The strategies necessary to build state and local universal representation campaigns will vary based on the region’s demographics, politics, social justice nonprofit infrastructure, and other characteristics. Each campaign should map out its local context from the inception and be prepared to face its share of challenges as it moves forward.

Strong campaigns have several common building blocks, which may include the following:

  • designing a campaign strategy that includes core elements of grassroots organizing, advocacy, communications, policy advocacy, research, and lobbying;
  • convening a diverse intersectional coalition that centers the voices and experiences of directly impacted community members;
  • grounding the campaign in principles such as due process and dignity for all;
  • leading with values-based messaging;
  • maintaining clear, direct communication among members of the coalition;
  • working in conjunction with other connected campaigns for immigrant rights and racial justice;
  • engaging with media—including the use of social media—to shape the public narrative; and
  • using data, research, and personal stories to demonstrate the need for and impact of universal representation.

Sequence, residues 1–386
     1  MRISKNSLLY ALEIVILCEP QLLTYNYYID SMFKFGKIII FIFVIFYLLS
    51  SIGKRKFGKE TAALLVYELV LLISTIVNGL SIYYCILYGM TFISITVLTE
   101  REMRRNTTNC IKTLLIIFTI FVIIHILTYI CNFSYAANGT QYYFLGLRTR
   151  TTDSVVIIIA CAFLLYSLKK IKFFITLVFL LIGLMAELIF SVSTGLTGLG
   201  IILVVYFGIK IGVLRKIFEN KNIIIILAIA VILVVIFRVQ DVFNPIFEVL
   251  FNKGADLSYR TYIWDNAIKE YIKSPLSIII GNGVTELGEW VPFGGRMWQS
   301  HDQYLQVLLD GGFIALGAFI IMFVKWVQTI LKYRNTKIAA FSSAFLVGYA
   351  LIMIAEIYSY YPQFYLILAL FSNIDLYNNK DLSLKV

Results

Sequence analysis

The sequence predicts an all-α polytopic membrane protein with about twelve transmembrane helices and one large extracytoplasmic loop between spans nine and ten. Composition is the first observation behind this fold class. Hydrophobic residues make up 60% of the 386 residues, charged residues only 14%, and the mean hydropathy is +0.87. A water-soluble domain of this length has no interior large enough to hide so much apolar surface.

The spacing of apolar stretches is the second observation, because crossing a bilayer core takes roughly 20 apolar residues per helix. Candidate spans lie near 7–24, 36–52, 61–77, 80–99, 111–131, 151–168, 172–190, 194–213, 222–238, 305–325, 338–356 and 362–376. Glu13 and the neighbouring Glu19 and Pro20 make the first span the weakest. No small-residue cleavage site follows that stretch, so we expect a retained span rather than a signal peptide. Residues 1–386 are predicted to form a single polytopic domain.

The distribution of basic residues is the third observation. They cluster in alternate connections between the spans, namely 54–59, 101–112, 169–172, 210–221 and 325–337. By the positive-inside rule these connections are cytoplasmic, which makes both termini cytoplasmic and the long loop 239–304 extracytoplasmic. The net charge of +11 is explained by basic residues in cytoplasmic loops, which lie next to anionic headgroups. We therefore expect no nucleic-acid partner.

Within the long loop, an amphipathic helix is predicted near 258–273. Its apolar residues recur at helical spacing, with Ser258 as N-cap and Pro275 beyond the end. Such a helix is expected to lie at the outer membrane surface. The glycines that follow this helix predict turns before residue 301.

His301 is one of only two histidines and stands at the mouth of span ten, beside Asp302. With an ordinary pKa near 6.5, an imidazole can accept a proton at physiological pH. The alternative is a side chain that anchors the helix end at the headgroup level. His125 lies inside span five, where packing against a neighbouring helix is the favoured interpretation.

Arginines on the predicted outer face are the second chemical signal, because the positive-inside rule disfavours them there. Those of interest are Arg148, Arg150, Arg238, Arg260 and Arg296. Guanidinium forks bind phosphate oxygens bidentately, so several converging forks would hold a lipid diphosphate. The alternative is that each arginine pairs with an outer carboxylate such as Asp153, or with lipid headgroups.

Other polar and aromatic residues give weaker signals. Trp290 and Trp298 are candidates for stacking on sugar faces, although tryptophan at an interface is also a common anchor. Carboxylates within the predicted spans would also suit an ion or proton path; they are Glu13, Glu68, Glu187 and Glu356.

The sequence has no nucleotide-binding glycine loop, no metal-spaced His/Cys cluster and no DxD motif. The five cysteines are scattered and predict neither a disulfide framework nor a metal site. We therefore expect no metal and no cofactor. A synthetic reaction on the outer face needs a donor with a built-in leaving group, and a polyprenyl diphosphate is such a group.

By using these tools strategically, coalitions can build the power needed to achieve—and eventually expand—universal representation programs while broadly advancing immigrant and racial justice.


The authors would like to thank the following expert reviewers for their thoughtful input regarding this report: Sara Cullinane at Make the Road New Jersey, Nicole Polley Miller at the American Friends Service Committee, and Monica Ruiz, MSW, at Casa San Jose.

The authors would also like to acknowledge the following people at the Vera Institute of Justice, Center for Popular Democracy, and National Immigration Law Center for offering additional feedback and expertise: Shaina Aber, Maggie Corser, Mary Crowley, Arisel Garcia, Emily Gordon, Liz Kenney, Shayna Kessler, Julio López Varona, Kica Matos, Anne Marie Mulcahy, Natalia Renta, Nina Siulc, and Ram Subramanian. Thanks also to Jules Verdone for editing, Michael Mehler and Dan Redding for design, and Tim Merrill for proofreading.